Two weeks ago we (through HC2) sponsored a TEDxBarcelona event on the future of society and technology. The topic was inspired by an area of research that we coordinate for the Europeans Commission’s Future and Emerging Technology group called Human Computer Confluence. In its most simple form HCC is the study of the symbiosis of humans and computers where terms like “interface” become redundant. It’s extremely multidisciplinary and lives at the intersection of Human Computer Interaction, Virtual & Augmented Reality, Pervasive Computing, Cognitive Neuroscience, Presence and Psychology.
A simple, practical example might be a smart building that adjusts lighting and heating based on the behaviour and preferences of the occupants. This system has no interface and the human does not consciously interact with the computer, instead the two are intimately linked. When you start to think about where this might lead it goes beyond the usability, user-friendliness and robustness of the software and starts to move towards the behaviour of symbiotic systems. If you imagine our smart building trying to make several, then many people happy simultaneously we can see that complex behaviour might emerge.
When you scale this to level of cities, and we can see the beginnings of this happening in Smart-Cities, you need to think about the social science and potential impact of pervasive technologies driving background systems based on human behaviour.
Another example is that of remote avatars where the user is cognitively embodied in a remote physical or virtual avatar as in our BEAMING project. Here the interface also disappears as the user simply behaves as if they were, in fact, at the remote location. It gets interesting when you realise that you could have a single user embodied in several avatars in different locations at once with attention directed as needed and autonomous “proxies” kicking in when not. Another way it gets interesting is to play with size and perhaps even form of the remote avatar, your robotic avatar might be as small as a rat and the user may or may not be aware of this transformation. This raises questions of “self” with philosophical and psychological elements that need to be considered.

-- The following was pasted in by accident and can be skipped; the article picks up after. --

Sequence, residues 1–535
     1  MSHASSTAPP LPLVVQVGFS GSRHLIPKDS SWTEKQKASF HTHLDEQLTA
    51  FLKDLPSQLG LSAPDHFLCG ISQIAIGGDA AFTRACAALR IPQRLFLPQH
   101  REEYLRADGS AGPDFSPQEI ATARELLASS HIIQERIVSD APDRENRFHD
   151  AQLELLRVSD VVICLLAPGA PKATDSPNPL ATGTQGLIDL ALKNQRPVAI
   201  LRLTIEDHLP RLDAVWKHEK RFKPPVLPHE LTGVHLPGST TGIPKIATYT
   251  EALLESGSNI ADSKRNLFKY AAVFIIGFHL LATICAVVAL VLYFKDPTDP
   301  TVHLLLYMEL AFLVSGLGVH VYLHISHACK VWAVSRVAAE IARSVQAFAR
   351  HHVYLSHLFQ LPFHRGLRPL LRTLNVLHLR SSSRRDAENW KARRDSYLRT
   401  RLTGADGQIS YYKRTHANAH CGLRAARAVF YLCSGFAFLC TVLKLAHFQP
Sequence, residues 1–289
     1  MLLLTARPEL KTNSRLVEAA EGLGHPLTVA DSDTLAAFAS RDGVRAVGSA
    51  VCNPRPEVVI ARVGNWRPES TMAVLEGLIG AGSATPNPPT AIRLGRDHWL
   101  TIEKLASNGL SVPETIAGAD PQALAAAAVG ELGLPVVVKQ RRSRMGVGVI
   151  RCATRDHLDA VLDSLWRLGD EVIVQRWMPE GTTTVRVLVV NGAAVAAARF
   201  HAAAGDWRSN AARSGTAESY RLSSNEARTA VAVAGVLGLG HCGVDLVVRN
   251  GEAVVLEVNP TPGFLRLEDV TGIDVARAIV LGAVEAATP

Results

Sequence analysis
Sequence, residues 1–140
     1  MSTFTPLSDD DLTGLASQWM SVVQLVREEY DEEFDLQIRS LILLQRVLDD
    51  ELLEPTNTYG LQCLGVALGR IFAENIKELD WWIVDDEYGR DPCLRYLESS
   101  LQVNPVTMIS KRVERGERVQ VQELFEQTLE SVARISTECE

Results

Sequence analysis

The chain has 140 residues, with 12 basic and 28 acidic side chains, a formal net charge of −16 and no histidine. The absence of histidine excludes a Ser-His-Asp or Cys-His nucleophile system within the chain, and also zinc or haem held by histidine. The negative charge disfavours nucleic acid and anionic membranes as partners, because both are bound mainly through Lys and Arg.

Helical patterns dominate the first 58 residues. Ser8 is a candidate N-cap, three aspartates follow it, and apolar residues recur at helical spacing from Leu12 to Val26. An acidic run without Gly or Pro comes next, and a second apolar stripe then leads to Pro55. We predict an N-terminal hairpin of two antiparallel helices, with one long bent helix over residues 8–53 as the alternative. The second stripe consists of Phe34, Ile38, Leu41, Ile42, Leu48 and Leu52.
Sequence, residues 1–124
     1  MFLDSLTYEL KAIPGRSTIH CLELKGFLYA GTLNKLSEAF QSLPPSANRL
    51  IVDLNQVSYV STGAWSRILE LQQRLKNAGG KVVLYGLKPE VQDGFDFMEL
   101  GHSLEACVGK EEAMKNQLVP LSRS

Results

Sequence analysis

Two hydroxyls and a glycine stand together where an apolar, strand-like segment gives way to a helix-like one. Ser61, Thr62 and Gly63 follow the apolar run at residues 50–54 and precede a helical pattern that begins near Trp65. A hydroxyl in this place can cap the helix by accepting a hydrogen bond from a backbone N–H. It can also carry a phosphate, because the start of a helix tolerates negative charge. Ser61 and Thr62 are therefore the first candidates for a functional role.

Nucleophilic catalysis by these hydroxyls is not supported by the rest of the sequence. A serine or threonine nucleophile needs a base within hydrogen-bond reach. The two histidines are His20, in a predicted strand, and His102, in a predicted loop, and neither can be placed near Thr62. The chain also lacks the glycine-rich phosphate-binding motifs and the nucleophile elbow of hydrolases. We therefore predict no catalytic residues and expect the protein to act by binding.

One area we are very interested in is affective computing where we use brain computer interfaces based on our Enobio platform and other sensors including cameras to infer the emotional state of the user, this opens up possibilities for smart systems that adjust their behaviour in real time based on how a user reacts to those changes. Again the interface disappears. Here the issues that are raised are ethical, regarding privacy, transparency and so on.
Many researchers in the field of HCC are now thinking about these aspects and this is why we decided on the theme: The future of society and technology. The speakers included technologists and scientists but also ethicists, artists and philosophers as we incorporate these disciplines into the research rather than evaluating impact after the fact.
This is, as it should be, becoming standard practice and an essential element in design for HCC systems.
Other groups and communities such as Social-IST, Onlife and SINTELNET are also looking at these issues very closely as these technologies move into the wild and point the way for the integration of the social sciences in what we call co-designed systems.
In the future each of us will likely be fundamentally, and formally, part of these HCC systems, driving algorithm evolution as we go about our lives.